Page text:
Vos has made it clear that he is not abandoning impeachment. He announced last week he had assembled a panel of former justices to advise him on criteria for removing Protasiewicz.

Two Protasiewicz voters filed an emergency petition with the Supreme Court last week asking the court to issue an injunction prohibiting the Assembly from impeaching Protasiewicz, or any other justice, without grounds. Protasiewicz recused herself. She told ProPublica she did not wish to comment for this story.

Wisconsin’s constitution allows for impeachment “for corrupt conduct in office, or for crimes and misdemeanors.” Protasiewicz has not been charged with any crime.

If the Assembly impeaches, it would then fall to the Senate to hold a trial and convict, forcing her from office.

If there is a vacancy on the court on or before Dec. 1, Evers would then choose a replacement to serve until the next election in April 2024, coinciding with the GOP primary for president. Evers likely would appoint another liberal-leaning judge.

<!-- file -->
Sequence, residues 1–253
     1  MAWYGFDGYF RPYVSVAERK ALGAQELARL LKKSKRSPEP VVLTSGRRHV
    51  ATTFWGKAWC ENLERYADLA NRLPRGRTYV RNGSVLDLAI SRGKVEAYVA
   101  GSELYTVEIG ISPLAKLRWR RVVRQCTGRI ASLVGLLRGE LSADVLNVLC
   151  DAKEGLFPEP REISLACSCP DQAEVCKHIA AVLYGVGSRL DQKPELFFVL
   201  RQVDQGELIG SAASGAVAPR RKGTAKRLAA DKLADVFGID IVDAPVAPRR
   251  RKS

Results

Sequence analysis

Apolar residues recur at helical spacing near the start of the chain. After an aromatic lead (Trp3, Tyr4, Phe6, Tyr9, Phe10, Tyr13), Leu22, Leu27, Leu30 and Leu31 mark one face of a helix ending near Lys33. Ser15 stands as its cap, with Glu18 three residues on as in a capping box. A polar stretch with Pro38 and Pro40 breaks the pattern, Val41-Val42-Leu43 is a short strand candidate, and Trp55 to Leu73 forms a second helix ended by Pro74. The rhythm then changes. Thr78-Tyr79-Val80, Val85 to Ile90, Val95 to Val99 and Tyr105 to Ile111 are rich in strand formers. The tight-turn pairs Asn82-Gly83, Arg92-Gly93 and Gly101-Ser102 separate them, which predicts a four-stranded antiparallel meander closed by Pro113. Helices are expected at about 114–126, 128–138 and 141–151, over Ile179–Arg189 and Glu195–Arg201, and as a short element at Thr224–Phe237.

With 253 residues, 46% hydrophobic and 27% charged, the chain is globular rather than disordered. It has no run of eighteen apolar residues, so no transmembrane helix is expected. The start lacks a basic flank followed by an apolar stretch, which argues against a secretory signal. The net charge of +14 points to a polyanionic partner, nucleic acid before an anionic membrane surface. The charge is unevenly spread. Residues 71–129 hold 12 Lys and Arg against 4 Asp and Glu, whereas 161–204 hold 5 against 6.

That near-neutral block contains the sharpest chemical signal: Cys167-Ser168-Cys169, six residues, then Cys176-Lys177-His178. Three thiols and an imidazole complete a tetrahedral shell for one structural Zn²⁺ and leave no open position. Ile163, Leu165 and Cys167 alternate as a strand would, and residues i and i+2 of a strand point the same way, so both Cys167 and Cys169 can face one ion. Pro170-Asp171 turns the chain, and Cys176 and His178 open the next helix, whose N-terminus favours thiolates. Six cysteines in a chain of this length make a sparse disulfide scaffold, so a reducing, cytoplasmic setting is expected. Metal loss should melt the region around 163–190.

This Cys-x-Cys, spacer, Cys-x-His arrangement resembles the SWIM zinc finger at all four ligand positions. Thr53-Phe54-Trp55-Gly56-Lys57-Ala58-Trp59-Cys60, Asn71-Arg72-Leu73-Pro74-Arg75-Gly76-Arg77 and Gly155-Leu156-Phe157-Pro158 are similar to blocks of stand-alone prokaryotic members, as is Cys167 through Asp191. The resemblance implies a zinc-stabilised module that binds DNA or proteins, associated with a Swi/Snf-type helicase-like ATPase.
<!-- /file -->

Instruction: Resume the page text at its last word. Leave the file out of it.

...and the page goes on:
But there is another scenario posited by political observers. The Senate could simply not take up a vote, leaving Protasiewicz impeached and in limbo. Under the state constitution, she’d be sidelined, unable to carry out her duties until acquitted.

That would leave the court with a 3-3 ideological divide, though conservative Justice Brian Hagedorn at times sides with the liberals.

Timing matters: Under state law, if Protasiewicz is removed or resigns after Dec. 1, Evers could appoint a replacement who would serve until 2031.

The only thing certain about the situation, it seems, is that those state statutes are being studied closely and that compromise on issues such as the district maps, abortion and voting are off the table.

Onions, Memes and Freedom

The dinosaur-shaped 73rd Assembly District was one of three in northwest Wisconsin that the Republicans flipped last year.

Besides Sapik, voters chose Republicans for the neighboring 74th Assembly District and the horseshoe-shaped Senate District 25. In each case, the Democratic incumbents bowed out.

Democrat Janet Bewley, a former state senator who declined to run again in 2022, watched the GOP mapmaking in that corner of the state up close. She said the changes led to small incremental gains for Republicans in various corners of the new maps — a couple dozen votes here and a couple dozen there. But they added up to defeat.